While the flaws in HIP ideology have been well worked-over, especially by Richard Taruskin in many (entertaining and influential) essays, so have the benefits that have come in the fresh performance styles that have emerged. These have been emphasised also by John Butt and Bruce Haynes, all well worth reading on this topic. And while most performers in this (let’s accept it, modern) tradition do not make claims for historical accuracy anything like as extreme as those knocked down in this debate, nonetheless the ideology of HIP pervades teaching and practice within that world in the more insidious form of tacit knowledge. Notions of what is or is not ‘stylish’ are particularly coercive here, as that measure is used to police ‘historical’ performance style so as to exclude anything that is not generally accepted as normatively HIP. This is the environment in which you won’t get booked again if your ornamentation or your articulation, or another aspect of style supposed to be characteristic of earlier practice, steps beyond an imaginary boundary that has emerged through a widespread consensus defining what is and is not done. There can never be historical evidence for the placing of these boundaries: as usual with performance norms, they are commercially convenient in minimising rehearsal and psychologically supportive in providing reassurance. Indeed, all these rules and beliefs could be seen as strategies for limiting the vast range of possibilities for performance interpretation, whose variety I suspect musicians subconsciously recognise and, because of the extent and viciousness of performance policing, are terrified by.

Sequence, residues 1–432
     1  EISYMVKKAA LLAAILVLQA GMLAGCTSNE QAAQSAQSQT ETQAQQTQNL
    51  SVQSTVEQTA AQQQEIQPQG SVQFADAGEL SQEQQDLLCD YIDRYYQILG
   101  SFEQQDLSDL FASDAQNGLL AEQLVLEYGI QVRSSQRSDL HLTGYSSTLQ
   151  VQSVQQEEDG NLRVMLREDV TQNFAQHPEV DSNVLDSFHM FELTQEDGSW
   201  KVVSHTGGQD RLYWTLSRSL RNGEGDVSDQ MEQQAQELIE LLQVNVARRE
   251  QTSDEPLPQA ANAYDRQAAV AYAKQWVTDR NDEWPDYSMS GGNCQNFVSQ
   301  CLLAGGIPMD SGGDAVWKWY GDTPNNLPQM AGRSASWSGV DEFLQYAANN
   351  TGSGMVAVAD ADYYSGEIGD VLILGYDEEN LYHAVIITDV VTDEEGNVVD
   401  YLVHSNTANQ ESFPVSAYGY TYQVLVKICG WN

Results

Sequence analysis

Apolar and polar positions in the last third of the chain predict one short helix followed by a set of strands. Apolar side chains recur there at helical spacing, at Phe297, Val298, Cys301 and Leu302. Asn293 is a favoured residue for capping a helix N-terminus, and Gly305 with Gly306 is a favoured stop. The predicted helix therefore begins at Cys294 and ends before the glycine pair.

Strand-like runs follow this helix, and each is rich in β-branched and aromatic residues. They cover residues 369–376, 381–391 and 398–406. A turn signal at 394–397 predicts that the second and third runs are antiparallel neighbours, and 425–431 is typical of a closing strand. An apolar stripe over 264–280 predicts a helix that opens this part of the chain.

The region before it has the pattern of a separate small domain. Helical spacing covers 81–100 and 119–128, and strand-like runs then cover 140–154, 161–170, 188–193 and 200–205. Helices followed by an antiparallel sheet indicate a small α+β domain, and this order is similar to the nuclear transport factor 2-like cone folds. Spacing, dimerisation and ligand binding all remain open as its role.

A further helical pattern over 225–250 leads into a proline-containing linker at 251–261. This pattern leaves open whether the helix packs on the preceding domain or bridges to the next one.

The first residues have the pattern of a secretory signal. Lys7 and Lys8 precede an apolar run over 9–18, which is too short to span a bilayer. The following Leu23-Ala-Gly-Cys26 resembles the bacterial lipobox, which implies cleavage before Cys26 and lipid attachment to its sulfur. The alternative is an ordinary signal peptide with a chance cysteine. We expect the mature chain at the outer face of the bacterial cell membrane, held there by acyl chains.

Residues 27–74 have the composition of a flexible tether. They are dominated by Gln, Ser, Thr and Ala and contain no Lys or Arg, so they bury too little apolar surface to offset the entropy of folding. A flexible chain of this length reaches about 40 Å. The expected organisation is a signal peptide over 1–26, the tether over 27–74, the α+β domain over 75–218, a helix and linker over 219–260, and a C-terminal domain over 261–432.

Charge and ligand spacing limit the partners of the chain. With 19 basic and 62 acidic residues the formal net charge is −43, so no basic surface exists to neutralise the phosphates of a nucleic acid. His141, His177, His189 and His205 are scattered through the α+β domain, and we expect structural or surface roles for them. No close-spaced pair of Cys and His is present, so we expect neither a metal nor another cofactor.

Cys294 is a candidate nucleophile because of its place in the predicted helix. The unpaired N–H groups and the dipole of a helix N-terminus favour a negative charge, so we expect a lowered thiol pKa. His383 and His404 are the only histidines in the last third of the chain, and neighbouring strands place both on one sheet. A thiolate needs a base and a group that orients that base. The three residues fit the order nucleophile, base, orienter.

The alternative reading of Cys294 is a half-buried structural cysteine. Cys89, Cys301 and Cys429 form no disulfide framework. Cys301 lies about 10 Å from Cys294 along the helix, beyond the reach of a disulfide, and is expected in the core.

Nothing makes this clearer than the horror of vibrato, and still worse portamento, among most HIP performers. The absurd situation in which a well-known conductor of original-instrument performances of late nineteenth-century repertoire refuses to countenance vibrato and portamento, despite the irrefutable recorded evidence for both (especially portamento) in late nineteenth-century performances, perfectly illustrates the hypocrisy of HIP. As we saw with the Debussy example in Chapter 3, once recordings are available suddenly no one wants to know about the composer’s expectations: they’re simply too unlike current performance values to be borne. So we take the bits we like (faster speeds for late-nineteenth century repertoire and less vibrato than was normal in the twentieth century) and leave the bits we hate (portamento). But it’s not HIP; and we clearly do not believe in the professed values of HIP when it comes to the uncomfortable truth of previous performance styles.
 Rubinoff, Kailan R. 2009. Cracking the Dutch Early Music Movement: the Repercussions of the 1969 Notenkrakersactie, Twentieth-Century Music 6(1), 3–22 at 7.
 Taruskin, Richard. 1995. Text and Act: Essays on Music and Performance (Oxford: Oxford University Press). Taruskin 2009. Butt, John. 2002. Playing with History: The Historical Approach to Musical Performance (Cambridge University Press). Haynes, Bruce. 2007. The End of Early Music: A Period Performer’s History of Music for the Twenty-First Century (New York: Oxford University Press). See also Cook (2013), 26–9, for a good summary of the pressure exerted by positivistic musicological thought on HIP.
 The key importance of imagined historical stylishness is clear from: Schubert, Emery and Dorottya Fabian. 2006. The Dimensions of Baroque Music Performance: A Semantic Differential Study. Psychology of Music, 34, 573–87. Fabian, Dorottya and Emery Schubert. 2009. Baroque Expressiveness and Stylishness in Three Recordings of the D minor Sarabanda for Solo Violin. Music Performance Research, 3, 36–56. Fabian, Dorottya, Emery Schubert and Richard Pulley. 2010. A Baroque Traumerei: The Performance and Perception of Two Violin Renditions. Musicology Australia, 32, 27–44.